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  8. HouTex

    HouTex Rookie

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    You shouldn’t assume it has to be technique driven although it’s possible that it is. It may be just over use. Could also be age. How old are you and how long have you been playing?
     
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  9. joe sch

    joe sch Legend

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    Understanding Tennis Elbow vs. Golfers Elbow / Dr. Mandell

    Understanding the difference between Tennis Elbow and Golfers Elbow is important. Accumulative Stress Disorder is a repetitive condition that stresses the muscles of the forearm causing them to inflame. There are specific ways these conditions can be treated. Dr. Mandell

    Here is more explanation from the Doc
     
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  10. Ramon

    Ramon Hall of Fame

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    I'm 53 and I've been playing tennis since middle school, so I know age is a factor. I never noticed any arm pain until I was in my 30's and started experimenting with Kevlar strings. Pain went away when I went back to synthetic gut. Right now, my arm feels perfectly fine if I play with an arm-friendly racquet and use non-poly strings. The fact that it I can't play with certain racquets or strings without feeling pain makes me curious about why that's happening.
     
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  11. HouTex

    HouTex Rookie

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    I developed TE at age 51 and I too have played since middle school. I have never played with poly strings. I did switch racquets just prior to getting TE but I also was playing more golf than usual. In my case I think it's safe to say that it was not a technique issue. It was age and over use and failing to stop playing as soon as the pain set in. I always healed quickly from other minor injuries and I was too arrogant to believe TE could become a serious issue for me.

    My mistake was thinking that I could just take it easy for a few weeks and it would heal. I played in a tournament (mixed doubles) and by the end of the tournament my elbow was in serious pain. It took 20 months of pretty much constant therapy (both at home and with a PT), including cortisone shots, Graston treatments, etc., before I could play without pain and with different, arm-friendly, racquets (Prince EXO3 and the Volkl Classic V1).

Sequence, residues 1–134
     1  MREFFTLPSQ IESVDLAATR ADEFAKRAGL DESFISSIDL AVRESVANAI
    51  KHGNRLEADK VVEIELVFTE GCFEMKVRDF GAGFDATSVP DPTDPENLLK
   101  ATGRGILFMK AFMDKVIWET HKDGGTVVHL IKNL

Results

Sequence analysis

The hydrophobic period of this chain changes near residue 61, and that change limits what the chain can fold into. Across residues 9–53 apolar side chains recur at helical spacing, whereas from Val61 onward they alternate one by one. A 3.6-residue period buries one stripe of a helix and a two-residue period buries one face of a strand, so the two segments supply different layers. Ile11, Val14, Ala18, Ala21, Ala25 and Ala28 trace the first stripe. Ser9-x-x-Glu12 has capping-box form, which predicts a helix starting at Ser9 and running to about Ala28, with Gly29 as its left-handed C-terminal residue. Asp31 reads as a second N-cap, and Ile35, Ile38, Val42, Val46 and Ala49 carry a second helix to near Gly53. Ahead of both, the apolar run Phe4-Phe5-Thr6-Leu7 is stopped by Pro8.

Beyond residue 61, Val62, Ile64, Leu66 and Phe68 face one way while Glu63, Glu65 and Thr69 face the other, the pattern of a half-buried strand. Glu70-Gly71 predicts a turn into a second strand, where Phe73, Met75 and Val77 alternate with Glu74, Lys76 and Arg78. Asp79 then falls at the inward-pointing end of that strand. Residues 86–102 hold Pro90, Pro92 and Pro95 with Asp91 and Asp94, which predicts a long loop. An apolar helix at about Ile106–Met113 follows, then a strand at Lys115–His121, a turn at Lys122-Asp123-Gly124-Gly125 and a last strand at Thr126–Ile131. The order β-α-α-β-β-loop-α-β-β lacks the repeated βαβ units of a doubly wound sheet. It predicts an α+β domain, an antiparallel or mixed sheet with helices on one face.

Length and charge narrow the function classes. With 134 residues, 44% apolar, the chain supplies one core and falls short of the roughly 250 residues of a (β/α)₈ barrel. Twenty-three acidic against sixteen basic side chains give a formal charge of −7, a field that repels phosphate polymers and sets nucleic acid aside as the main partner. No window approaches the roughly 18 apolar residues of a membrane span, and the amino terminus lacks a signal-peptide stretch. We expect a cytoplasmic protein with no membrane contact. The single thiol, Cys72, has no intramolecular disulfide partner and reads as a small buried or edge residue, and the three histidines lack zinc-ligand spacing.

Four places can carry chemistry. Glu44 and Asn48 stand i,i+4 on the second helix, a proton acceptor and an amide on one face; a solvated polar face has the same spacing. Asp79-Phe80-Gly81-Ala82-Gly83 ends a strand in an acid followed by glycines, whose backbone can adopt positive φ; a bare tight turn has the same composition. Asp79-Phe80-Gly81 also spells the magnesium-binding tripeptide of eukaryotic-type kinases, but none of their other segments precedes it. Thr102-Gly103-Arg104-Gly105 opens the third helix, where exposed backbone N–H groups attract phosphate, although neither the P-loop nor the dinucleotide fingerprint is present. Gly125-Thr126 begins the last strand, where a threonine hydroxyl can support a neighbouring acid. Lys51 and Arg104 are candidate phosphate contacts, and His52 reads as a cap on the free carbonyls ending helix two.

As for how important the racquet can be, when I was starting to play again I tried hitting with my old Wilson Hyper Prostaff 6.1 (which I played without pain for several years until I switched to the Wilson LS100 and then came down with TE). Every time I hit the ball I felt a sting in my elbow--even balls hit perfectly in the sweet spot. In the same practice session I put it down and hit the Prince EXO3 (with the same multi strings) and had no pain at all.
     
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  12. Ramon

    Ramon Hall of Fame

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    You're basically in my situation. I'm perfectly fine if I stay away from poly and use an arm-friendly Pro Kennex or Prince racquet. I think most people would look at my form and say it's really good, but with certain equipment I get golfer's elbow. I suppose the form on my backhand is really good because I never get tennis elbow no matter what equipment I'm using. The other day I was hitting with a Babolat Pure Strike 16x19. I really love that racquet, but about an hour into it I started feeling some pain in my elbow. It was bearable, but just the fact that it was there was concerning. Don't know if maybe a subtle change in my forehand might cure that, especially since it wasn't too severe.
     
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  13. jga111

    jga111 Hall of Fame

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    Tight grip.
    Swinging with a locked wrist.